Thursday, December 25, 2008

Episode 94: Joyeux Noël!

Just finished doing my dad's PowerPoint slides for him. Again. Didn't have much of a choice, since after his eye operation, he's in no condition to do them himself, even if I wanted to show him how. Sigh. I wish he were a little more IT-savvy. Oh well, finished it and he's grateful. Now I can go finish reading Incandescence, which is another interesting novel from Greg Egan, in which one of the strands of the plot involves a group of DNA-based lifeforms arriving at an understanding of relativity from what are tantamount to first principles. I've given up trying to follow the scientific reasoning going on, but I recognise it as involving relativity, so not all my science-related general knowledge has forsaken me anyway. Once I've finished reading that, I can take a peek at my last library book, which is a book masquerading as the third volume of Alice's adventures. Yes, Alice of Wonderland fame. It sounds interesting in a really bizarre way, but if I don't get into it after a few pages, I'm chucking it. Have other (more important) things to read! Have decided to try out a song from Chris Tomlin's most recent album when I lead worship next Sunday, 'Jesus Messiah'. Think it should be fine because the chorus is dead easy to catch! I leave you with the chorus and bridge of Brian Bates's meaningful Christmas song, 'Mary Christmas', available for download here:

I wish you more than happiness
More than greetings of good cheer
But a true joy to last the years
I wish your spirit to be filled
With Heaven's perfect gift
I wish you a Mary Christmas
May Christ be born in you this Christmas
May His life grow in you this Christmas
May it change you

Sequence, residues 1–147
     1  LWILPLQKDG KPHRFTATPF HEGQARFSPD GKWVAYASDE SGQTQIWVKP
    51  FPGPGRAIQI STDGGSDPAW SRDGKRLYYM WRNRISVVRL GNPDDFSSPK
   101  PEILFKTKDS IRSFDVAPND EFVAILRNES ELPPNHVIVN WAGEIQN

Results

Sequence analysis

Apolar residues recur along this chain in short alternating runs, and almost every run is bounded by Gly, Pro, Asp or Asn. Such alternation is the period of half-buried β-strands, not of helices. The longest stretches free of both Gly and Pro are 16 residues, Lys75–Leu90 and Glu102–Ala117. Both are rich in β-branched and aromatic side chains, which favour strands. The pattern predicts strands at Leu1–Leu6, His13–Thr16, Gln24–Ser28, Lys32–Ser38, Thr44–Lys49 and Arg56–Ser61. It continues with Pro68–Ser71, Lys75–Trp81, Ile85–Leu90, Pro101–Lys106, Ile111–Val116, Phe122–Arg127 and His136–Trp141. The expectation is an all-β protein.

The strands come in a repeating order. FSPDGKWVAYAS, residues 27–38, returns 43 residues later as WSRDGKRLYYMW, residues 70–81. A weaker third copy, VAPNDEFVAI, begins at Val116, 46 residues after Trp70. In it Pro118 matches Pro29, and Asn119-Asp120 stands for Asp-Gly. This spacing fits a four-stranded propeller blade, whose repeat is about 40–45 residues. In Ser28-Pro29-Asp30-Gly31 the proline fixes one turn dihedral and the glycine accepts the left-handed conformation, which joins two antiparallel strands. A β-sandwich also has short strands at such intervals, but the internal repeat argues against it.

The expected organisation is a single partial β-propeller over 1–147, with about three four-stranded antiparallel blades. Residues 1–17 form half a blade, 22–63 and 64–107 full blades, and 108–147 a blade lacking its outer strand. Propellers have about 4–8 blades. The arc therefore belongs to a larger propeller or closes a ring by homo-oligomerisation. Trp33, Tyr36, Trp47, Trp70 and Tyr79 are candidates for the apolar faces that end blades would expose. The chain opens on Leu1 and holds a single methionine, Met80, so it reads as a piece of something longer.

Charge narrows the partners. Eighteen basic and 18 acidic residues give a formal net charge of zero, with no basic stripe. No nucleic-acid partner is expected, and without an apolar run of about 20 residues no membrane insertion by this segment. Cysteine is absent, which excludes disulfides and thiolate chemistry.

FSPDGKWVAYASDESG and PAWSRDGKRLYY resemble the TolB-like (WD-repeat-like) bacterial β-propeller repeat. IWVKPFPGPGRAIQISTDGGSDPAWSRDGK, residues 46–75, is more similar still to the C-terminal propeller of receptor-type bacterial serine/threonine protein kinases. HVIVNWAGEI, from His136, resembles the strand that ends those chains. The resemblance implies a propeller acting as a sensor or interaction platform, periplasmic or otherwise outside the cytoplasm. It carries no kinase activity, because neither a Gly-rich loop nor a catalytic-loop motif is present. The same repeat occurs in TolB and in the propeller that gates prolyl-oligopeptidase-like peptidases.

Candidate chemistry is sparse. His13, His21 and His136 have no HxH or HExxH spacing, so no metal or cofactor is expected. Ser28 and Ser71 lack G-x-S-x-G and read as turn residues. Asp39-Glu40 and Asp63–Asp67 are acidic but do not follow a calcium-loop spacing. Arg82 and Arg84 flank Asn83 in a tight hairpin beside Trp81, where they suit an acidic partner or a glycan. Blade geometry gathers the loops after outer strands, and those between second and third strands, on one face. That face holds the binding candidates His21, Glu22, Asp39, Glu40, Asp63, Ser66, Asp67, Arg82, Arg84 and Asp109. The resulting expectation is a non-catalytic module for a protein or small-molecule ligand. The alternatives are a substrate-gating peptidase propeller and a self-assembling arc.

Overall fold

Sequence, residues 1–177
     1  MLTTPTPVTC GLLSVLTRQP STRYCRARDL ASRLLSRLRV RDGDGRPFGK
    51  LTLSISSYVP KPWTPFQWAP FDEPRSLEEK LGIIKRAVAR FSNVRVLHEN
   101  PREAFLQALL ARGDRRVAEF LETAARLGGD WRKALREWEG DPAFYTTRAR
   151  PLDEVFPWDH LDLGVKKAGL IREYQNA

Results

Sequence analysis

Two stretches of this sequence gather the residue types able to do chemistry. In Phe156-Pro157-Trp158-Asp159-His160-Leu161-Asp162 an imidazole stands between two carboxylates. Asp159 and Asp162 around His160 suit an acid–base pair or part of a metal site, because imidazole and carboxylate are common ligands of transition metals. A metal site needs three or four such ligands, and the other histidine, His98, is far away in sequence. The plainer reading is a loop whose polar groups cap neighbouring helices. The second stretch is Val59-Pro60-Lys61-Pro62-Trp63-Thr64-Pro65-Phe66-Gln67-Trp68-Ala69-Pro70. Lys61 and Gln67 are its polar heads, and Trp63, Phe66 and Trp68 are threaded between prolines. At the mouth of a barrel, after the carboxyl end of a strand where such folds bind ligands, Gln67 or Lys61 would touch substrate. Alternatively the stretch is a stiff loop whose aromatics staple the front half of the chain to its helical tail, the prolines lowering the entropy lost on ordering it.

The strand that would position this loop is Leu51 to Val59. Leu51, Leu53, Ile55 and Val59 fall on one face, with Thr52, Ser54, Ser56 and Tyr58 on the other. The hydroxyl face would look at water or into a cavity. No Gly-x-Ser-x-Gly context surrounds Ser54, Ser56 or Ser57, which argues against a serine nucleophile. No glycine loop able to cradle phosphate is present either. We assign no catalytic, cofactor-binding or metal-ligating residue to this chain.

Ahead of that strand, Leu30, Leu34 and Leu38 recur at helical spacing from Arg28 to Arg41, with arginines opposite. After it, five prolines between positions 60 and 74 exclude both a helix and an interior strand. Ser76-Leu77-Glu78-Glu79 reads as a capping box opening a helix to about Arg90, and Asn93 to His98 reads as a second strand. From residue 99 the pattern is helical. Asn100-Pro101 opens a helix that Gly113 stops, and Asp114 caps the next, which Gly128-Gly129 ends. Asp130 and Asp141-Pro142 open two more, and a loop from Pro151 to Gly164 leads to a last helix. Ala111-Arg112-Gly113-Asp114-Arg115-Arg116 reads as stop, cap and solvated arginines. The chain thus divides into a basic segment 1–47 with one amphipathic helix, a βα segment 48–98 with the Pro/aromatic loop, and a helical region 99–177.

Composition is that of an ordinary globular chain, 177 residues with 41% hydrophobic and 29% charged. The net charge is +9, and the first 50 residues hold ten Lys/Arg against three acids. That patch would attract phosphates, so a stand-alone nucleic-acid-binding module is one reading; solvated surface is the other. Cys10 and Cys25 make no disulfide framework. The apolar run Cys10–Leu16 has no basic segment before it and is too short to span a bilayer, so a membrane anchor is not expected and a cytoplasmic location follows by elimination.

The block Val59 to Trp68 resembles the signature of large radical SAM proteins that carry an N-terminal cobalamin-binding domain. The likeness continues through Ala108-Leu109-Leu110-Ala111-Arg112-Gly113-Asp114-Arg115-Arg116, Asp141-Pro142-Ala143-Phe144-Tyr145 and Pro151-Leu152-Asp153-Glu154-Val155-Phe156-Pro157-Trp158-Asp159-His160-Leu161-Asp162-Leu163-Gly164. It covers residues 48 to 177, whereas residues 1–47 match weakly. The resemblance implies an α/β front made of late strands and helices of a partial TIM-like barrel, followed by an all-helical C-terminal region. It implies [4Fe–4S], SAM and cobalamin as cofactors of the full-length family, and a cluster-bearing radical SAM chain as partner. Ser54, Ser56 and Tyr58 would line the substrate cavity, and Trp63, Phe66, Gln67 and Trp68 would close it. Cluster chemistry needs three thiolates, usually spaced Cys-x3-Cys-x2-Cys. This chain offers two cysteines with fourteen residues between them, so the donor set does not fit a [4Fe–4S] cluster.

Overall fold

Come forth from you
And light the world around you

(c) 2008 Brian Bates/Staci Frenes

Wednesday, December 24, 2008

Episode 93: Christmas Eve

In the end, I bought only nine Threadless tees. Am proud of myself for cutting it down from 30+! Met Shirley in town so that I could exchange Natsuo Kirino novel that I told Audrey to buy by mistake, and then help her with her Christmas shopping. That turned out to be a rather protracted process. I'm glad I'm such an efficient Christmas shopper! Then again, I would be, since I follow the principle of asking people what they want and then just getting it for them. I managed to finish reading Neil LaBute's Fat Pig while coming back on the MRT, and I already returned all but two of the other library books when I left for town. Haven't got time to finish reading them, so not much point starting! Shall study instead, which I haven't done at all during this break, and hopefully start writing my essay. At the very least, hammer out the introduction. Then everything else will magically take care of itself, like it always does. Except this time it actually counts for something, so don't start screwing up now. There's still so many things I want to buy, but there's not enough money. I think I should try to find a vacation job during my next break...